Montag, 1. August 2005

Sustainable Tourism in Costa Rica

Costa Rica is known throughout the world for supporting sustainable tourism. After
having lived in this country for 6 months, I have developed a rather critical view on
this topic. Costa Rica is very small and has only about 4 million inhabitant. In the
year 2004 total tourist arrivals by air exceeded the 1 million mark1 and more visitors
are estimated for 2005. Sustainable tourism and high tourist numbers are
unfortunately two issues that do not really go together and not everything is rosy.

An example is the pacific coast around Tamarindo: the scenery there is dominated
by large hotel complexes rather than beautiful nature and there are without doubt
more tourists in this region than there are inhabitants.

A very serious problem in Costa Rica is environmental pollution. There is only one
sewage treatment plant in the whole country and it is truly shocking if one thinks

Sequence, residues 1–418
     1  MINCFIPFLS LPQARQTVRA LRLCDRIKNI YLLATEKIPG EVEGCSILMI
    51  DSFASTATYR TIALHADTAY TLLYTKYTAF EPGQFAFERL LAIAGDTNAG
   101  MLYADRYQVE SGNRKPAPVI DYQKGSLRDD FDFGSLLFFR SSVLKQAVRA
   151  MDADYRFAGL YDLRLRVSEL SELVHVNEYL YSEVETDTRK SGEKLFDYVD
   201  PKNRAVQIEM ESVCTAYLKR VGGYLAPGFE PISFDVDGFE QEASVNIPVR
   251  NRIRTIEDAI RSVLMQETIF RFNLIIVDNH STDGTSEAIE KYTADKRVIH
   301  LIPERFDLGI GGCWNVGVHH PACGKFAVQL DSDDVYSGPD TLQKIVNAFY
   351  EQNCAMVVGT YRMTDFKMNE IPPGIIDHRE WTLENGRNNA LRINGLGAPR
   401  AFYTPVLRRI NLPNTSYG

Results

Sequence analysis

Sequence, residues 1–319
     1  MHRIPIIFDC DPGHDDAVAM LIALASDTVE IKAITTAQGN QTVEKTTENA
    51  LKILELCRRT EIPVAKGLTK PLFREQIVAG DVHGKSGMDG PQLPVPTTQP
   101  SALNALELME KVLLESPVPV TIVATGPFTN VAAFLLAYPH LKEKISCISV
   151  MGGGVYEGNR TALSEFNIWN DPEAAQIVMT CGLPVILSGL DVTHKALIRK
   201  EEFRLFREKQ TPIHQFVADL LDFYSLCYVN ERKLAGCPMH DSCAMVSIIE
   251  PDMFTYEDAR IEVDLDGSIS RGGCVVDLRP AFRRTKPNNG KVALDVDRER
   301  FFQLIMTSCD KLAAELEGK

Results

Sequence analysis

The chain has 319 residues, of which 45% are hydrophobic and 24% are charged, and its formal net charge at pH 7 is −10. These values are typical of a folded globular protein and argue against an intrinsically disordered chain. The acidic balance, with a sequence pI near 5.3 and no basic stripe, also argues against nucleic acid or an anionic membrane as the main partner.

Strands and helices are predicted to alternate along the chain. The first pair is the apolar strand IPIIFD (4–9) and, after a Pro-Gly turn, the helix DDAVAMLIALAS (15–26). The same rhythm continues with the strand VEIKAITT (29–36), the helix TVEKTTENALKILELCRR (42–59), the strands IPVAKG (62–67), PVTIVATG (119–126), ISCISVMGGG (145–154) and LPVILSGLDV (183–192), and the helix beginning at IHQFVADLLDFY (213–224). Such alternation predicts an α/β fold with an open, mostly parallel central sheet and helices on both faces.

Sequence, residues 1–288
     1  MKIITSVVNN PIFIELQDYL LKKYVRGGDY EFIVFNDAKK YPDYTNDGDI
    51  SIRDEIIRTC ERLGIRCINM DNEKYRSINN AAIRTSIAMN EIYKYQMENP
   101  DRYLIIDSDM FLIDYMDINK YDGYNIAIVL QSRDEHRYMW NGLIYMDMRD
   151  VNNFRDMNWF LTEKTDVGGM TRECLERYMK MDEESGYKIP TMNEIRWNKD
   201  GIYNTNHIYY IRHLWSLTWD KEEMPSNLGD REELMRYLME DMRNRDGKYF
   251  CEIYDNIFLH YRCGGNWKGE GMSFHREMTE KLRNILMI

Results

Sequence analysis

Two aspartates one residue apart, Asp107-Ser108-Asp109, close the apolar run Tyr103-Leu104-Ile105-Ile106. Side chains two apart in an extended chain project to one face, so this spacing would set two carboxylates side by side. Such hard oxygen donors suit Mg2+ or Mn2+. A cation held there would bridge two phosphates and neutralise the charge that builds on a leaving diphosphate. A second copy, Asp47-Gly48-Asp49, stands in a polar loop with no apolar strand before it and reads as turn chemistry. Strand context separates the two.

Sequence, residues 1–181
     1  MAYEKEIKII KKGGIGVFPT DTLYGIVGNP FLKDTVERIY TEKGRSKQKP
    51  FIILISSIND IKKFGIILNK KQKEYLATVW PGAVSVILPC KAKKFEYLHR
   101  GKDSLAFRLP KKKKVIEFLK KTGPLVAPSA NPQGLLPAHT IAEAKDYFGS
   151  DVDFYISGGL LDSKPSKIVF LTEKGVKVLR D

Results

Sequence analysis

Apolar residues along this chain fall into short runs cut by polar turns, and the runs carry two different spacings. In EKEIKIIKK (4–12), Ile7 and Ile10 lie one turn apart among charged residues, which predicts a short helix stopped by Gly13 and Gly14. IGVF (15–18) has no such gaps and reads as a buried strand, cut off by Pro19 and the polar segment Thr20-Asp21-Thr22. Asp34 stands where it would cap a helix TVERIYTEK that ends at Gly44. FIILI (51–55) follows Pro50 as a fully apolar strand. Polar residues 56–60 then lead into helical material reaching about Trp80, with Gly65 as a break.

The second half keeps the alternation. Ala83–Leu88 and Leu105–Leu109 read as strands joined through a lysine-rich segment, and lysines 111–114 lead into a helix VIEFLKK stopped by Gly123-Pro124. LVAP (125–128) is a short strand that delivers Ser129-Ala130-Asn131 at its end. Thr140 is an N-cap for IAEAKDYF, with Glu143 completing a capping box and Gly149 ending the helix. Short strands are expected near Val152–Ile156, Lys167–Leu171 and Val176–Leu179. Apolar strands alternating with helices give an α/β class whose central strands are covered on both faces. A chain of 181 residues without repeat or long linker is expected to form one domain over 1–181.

about all the waste water that reaches the soil without purification. Especially in a
city like San José that has about one million inhabitants such a situation is very
severe. It is not surprising that large parts of the population suffer from diarrhoea
and other water-related diseases. Another factor is that many big hotels transfer
their waste water into the ocean and in some regions (e.g. Quepos) the
government advises people not to use the beaches.

Another great problem in Costa Rica is waste management. There are neither
dumping grounds nor incineration plants. The direct result is that most hotels burn
their waste and carbon dioxides reach the atmosphere unfiltered.

In my opinion one should wonder if Costa Rica can deal with the environmental
problems that are caused by its own population and whether the country is really
able to absorb more tourists each year.

However, one should also recognize the positive sides. More than 25 per cent of
the country area is protected through a network of national parks, reservations and
private properties. All national parks only allow a certain number of visitors each
day in order to protect the sensitive environment and some are even closed to the
public and only open for scientists and students. More and more areas are being
incorporated into the network each year and this is a very positive development for
a third-world country.

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